With Wenger’s contract due to expire in June and Arsenal’s chances of supremacy in the Premier League and Champions League scuppered, strident and influential voices are saying the club and manager should part ways. His failures are cause, they say, for termination.
Terms of the debate
As ever with arguments--especially over such binary functions as Wenger In/Out—there’s a risk of constructing straw men. Even so, I’d characterize the core contentions in these ways:
- The manager is tactically naïve
- He has displayed an inability to motivate today’s players for the big occasion
- He indulges too many underperforming players
- His footballing philosophy has proven inadequate
- Events and results have unfolded in predictable fashion
Evidence exists to support each of these points. Except the final one, which is maddening to anyone like me who has limited time for entertainment and chooses to follow sport precisely because of its potential for the unexpected.
Despite the foundations of these arguments, I would like to suggest that they don’t fully reflect Arsenal’s current state of affairs under Wenger.
Expanding the perspective
We can conduct a fuller, more accurate examination by contrasting Wenger’s FA Cup record with his team’s performances over league campaigns.
Wenger is the most decorated modern FA Cup manager. In 19 tournaments, he has raised the trophy six times. With one more success, he will be the most successful FA Cup manager of all time, moving ahead of Aston Villa’s George Ramsay (1855-1935).
Longevity and a flow of excellent players have certainly played parts in Wenger’s record.
Just as important, though, has been his philosophy and approach. What Philippe Auclair has called the manager’s “jazz” style—a less structured system encouraging individual autonomy and expression—has the potential to merge stunning aesthetics and overwhelming victories.
That brilliance and beauty can be rare and fleeting, but when they coincide, we witness an extraordinary sporting accomplishment. The most recent example was Arsenal’s 4-0 demolition of Aston Villa in the 2015 FA Cup Final.
Another element of skill in knockout competitions is avoiding major upsets. In this, Wenger has unquestionably succeeded. Only once in his tenure have Arsenal lost to a lower-division team in the FA Cup. That 2013 defeat to Blackburn was a real low point.
The point here is that discrete, win-and-advance matches in which conditions are level or slightly favor Arsenal bring out the best in Wenger’s sides.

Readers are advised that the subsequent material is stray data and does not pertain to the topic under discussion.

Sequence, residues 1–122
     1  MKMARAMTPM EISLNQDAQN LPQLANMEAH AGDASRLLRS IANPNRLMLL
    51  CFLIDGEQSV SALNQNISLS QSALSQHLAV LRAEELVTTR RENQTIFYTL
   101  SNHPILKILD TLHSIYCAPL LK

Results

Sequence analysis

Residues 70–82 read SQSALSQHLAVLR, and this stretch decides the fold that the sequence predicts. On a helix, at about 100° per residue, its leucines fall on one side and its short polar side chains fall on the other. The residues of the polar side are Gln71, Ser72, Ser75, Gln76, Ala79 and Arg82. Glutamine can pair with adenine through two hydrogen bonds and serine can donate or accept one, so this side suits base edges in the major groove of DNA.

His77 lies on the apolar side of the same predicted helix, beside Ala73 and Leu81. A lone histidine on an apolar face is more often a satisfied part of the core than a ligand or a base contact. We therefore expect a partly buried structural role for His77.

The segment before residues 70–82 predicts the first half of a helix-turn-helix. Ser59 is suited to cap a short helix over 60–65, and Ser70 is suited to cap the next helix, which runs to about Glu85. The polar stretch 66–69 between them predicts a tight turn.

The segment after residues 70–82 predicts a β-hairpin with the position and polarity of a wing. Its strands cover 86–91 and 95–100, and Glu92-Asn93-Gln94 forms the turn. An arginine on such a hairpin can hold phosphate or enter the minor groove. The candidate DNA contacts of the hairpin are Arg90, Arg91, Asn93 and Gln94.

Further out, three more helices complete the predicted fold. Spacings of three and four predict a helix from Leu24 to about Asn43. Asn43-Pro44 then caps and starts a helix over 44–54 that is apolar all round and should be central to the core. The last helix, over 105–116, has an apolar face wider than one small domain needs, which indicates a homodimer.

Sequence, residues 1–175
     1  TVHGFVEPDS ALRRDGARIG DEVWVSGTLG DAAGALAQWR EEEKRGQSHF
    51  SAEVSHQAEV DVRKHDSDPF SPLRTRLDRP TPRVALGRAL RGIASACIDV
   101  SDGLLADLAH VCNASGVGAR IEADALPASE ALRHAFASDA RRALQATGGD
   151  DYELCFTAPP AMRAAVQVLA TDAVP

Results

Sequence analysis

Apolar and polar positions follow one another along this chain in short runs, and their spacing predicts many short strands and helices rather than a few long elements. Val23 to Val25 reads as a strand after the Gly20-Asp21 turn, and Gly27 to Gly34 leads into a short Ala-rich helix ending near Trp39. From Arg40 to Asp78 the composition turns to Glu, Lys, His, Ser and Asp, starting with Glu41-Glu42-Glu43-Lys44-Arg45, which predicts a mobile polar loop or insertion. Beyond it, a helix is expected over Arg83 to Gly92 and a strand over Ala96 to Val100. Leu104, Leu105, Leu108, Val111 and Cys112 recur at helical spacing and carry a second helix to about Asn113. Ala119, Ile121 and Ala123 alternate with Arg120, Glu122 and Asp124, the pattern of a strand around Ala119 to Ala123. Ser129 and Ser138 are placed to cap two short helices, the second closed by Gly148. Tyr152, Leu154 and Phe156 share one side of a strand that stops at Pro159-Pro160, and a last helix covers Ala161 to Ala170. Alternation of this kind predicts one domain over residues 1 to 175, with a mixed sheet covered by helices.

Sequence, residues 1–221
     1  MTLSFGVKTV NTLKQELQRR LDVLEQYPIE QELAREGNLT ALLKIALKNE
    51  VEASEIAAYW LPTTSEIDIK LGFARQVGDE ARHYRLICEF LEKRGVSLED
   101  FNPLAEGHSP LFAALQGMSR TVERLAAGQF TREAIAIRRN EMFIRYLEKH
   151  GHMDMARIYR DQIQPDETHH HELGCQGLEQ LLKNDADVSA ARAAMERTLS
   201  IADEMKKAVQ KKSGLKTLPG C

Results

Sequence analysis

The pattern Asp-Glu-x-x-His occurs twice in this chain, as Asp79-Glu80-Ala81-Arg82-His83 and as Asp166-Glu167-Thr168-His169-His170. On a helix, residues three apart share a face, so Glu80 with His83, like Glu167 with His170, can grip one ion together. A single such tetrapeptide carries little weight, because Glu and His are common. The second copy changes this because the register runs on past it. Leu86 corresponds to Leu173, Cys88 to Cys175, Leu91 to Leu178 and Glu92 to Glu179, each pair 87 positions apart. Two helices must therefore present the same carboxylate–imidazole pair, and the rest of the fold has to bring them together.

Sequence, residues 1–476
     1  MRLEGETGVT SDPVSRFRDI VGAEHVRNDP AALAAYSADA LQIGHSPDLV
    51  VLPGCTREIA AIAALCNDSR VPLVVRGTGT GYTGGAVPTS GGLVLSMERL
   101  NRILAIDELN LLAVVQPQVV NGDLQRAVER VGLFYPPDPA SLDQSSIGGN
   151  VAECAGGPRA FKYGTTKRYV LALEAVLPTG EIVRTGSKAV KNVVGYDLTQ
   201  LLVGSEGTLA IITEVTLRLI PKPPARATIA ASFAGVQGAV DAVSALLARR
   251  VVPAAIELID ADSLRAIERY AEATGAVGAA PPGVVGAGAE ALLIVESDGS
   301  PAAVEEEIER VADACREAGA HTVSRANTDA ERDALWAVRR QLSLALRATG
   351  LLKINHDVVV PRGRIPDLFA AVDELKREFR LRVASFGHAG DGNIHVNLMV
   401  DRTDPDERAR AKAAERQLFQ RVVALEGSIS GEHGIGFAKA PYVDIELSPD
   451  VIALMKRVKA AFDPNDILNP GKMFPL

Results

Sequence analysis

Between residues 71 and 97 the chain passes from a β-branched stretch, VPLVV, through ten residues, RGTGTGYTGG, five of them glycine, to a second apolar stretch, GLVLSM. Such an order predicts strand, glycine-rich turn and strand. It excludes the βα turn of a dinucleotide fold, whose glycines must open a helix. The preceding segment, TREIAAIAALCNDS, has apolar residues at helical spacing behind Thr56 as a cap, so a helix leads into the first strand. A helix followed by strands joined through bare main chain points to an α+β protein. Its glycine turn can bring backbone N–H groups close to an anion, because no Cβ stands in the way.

Points of contrast
In other, high-profile situations, the approach has been found wanting. The Champions League knockout stages are the most stinging recent example.
Wenger’s style doesn’t thrive one-on-one with Europe’s elites because conditions are rarely neutral. Whether it’s officiating, higher-pedigree and richer opposition, less-advantageous scheduling, or other factors, Arsenal find the going difficult at the business end of the Champions League.
His freeform philosophy can also be detrimental on the frequent occasions that tactical precision and structure carry European nights.
For 13 years, the ultimate achievement has eluded Wenger in the Premier League as well.
Each campaign, Arsenal start with an incredibly tight margin of error. It’s so narrow due to the strong correlation between financial outlay on transfer fees and wages and the final league finish. And let’s keep in mind that if the title is the only measure of satisfaction, 19 teams end up dissatisfied.
Over the scope of a 38-match season, Wenger’s philosophy has not produced a credible title challenge since at least 2008. Since the Invincibles of 2003-04, Arsenal have exceeded 80 points just twice. Historically, that is the bare minimum for contention.
This record suggests that Wenger’s approach isn’t enough to overcome Arsenal’s financial disadvantage relative to bigger spenders Chelsea, Manchester United, and Manchester City.
And yet, there’s a credible case that Wenger has exceeded the league performance we should expect given the club’s expenditures. To date, his teams have never finished lower than fourth place. In the past 10 years, no other club can make that claim.
What do you expect?
Expectations are, therefore, the issue. In many ways, Wenger is suffering from the standards he himself set, at least in league play. His three triumphant teams enjoyed structural and cultural advantages that more recent sides have not.
On the other hand, Wenger still has the philosophy and the players to achieve domestic cup greatness. That won’t arrive every year—the quest for beauty and brilliance on the day does risk irredeemable defeat. But isn’t it worth watching for the potential?